Plaintiff-appellant moved for additional time to prepare its answers to each of the three sets of written interrogatories served on it by defendants-appellees. It moved for production of documents by defendants-appellees and, after complying with the terms of the court's order of July 25, 1952, twice renewed its motion to require defendants-appellees to produce, only to have it denied in toto by the order from which this appeal is taken. Plaintiff-appellant served a notice to take the deposition of L. B. Bays with an accompanying subpoena duces tecum, but Bays' compliance therewith was at first postponed by order of the court and then rendered moot by the final order.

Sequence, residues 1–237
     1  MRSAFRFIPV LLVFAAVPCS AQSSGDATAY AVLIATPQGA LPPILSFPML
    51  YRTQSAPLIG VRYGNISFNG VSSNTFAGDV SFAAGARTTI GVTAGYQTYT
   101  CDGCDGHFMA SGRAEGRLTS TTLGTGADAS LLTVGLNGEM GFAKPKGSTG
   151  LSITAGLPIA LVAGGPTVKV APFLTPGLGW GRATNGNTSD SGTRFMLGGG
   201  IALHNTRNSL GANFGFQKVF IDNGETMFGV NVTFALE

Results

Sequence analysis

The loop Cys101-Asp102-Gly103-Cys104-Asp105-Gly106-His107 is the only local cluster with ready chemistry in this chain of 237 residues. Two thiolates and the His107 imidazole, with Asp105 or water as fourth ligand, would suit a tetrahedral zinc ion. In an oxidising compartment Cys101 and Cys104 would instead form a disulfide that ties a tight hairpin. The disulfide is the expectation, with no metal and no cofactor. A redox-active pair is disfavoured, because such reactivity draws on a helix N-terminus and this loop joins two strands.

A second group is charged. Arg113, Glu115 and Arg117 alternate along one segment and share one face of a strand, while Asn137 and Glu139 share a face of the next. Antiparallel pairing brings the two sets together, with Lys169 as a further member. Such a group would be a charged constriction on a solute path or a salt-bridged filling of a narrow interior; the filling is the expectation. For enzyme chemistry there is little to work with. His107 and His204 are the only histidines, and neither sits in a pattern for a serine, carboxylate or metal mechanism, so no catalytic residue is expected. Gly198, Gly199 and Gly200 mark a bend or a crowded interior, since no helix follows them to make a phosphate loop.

Plaintiff-appellant filed its first answers to defendants-appellees' first set of interrogatories on May 14, 1952, and again, with a corrected jurat by the notary public, on July 23, 1952. Plaintiff-appellant's answers to the second set of interrogatories were filed August 20, 1952, and amended answers to both sets on September 11, 1952. Its motion for an order postponing its time to file answers to the third set of interrogatories, until compliance had been had with its notice to examine the defendant-appellee Bays and final disposition had been made of its motion to produce, was still pending when the final order was entered.

2 In this that, stating in its decree that it was 'of the opinion that the facts * * * failed to establish that plaintiff had at the time this suit was filed good cause to believe that it had a cause of action against defendants or any of them, and does not at the present time have such good cause, and that, therefore, there is no issue of fact as between plaintiff and any defendant to be passed upon by the court or a jury' the court summarily adjudicated plaintiff's action against it.